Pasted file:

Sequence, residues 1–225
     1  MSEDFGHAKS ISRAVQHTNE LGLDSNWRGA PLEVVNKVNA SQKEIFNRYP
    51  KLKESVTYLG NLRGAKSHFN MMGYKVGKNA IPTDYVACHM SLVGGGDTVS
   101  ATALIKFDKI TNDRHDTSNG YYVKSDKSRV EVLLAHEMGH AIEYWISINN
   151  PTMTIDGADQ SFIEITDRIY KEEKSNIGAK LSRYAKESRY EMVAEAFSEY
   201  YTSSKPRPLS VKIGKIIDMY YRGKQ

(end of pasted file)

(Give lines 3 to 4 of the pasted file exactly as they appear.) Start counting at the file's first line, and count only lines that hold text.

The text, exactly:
    51  KLKESVTYLG NLRGAKSHFN MMGYKVGKNA IPTDYVACHM SLVGGGDTVS
   101  ATALIKFDKI TNDRHDTSNG YYVKSDKSRV EVLLAHEMGH AIEYWISINN